Atomic Hydrogen Welding

Atomic hydrogen welding, also known as AHW, is an arc welding technique that uses an arc which is located between two tungsten electrodes and a hydrogen shielding gas. This welding technique was discovered by Irving Langmuir while he was studying atomic hydrogen. The electric arc that is used breaks up the hydrogen molecules which later recombine and produce an extensive amount of heat that can reach temperatures between 3400 – 4000 degrees Celsius. The ability to reach such high temperatures makes this welding process one of the third hottest flames produced. Compared to an acetylene torch which is only capable of reaching a temperature of 3300 degrees Celsius, atomic hydrogen welding is much hotter than the average welder is used to working with.

The high level of heat that is produced in atomic hydrogen welding is high enough to be able to melt and weld tungsten, which can be the hardest metal to weld. The hydrogen that is used in the welding process acts as a gas shield and protects the metal being welded from contaminants such as carbon, oxygen and nitrogen, which can cause defects in many metals. It also eliminates the need for a welder to use flux. During atomic hydrogen welding, the arc is maintained separate from the parts being welded. Hydrogen gas is normally diatomic, but when allowed to reach such high temperatures it breaks down into its atomic form and absorbs a large amount of heat created by the arc.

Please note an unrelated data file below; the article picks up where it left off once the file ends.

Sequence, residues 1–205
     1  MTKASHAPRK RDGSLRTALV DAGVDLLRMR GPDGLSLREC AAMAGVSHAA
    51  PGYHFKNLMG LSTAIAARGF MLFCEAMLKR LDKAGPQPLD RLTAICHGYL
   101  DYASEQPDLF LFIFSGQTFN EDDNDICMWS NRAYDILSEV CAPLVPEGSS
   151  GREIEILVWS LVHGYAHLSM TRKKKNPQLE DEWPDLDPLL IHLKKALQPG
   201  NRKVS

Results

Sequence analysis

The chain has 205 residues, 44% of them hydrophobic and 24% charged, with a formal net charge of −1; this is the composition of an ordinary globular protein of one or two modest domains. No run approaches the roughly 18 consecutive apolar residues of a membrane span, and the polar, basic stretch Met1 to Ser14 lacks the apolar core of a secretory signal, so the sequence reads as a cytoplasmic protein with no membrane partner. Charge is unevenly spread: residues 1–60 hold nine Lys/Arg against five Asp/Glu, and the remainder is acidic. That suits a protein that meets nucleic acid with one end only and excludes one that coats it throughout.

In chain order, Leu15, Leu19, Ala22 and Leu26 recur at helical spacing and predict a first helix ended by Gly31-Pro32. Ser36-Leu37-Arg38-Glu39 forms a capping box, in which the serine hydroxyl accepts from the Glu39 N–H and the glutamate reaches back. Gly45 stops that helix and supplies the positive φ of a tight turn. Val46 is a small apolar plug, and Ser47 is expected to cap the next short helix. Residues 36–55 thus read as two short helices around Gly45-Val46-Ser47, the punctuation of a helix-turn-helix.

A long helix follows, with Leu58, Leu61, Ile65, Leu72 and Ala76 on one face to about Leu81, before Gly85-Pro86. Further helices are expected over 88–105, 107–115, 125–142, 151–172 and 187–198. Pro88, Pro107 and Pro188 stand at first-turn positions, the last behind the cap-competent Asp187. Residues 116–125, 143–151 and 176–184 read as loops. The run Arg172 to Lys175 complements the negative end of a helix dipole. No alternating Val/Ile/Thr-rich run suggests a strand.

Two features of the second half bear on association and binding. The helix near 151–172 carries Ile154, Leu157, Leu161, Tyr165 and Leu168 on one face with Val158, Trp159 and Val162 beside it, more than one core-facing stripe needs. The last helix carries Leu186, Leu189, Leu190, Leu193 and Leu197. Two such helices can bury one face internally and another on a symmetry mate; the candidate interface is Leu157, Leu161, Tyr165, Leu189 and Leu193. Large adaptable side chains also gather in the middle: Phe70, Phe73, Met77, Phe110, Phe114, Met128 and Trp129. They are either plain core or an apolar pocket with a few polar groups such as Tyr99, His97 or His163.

When the hydrogen is brought into contact with a colder surface, such as the parts being welded together, it recombines into its diatomic form and quickly releases the heat it had stored. The energy produced in atomic hydrogen welding can be changed fairly easily by adjusting the distance between the arc stream and the pieces being welded. While atomic hydrogen welding is a beneficial form of welding, it is being replaced by shielded metal arc welding primarily because of the inexpensive inert gases that the process uses.

Atomic hydrogen welding is a beneficial welding technique, but due to advances in inert gases its time may be limited. Because of the high levels of heat produced in this welding process, welders need to be even more aware of the dangers they are exposed to. The high levels of heat must be treated with the respect they deserve and all of the proper safety precautions should be followed.

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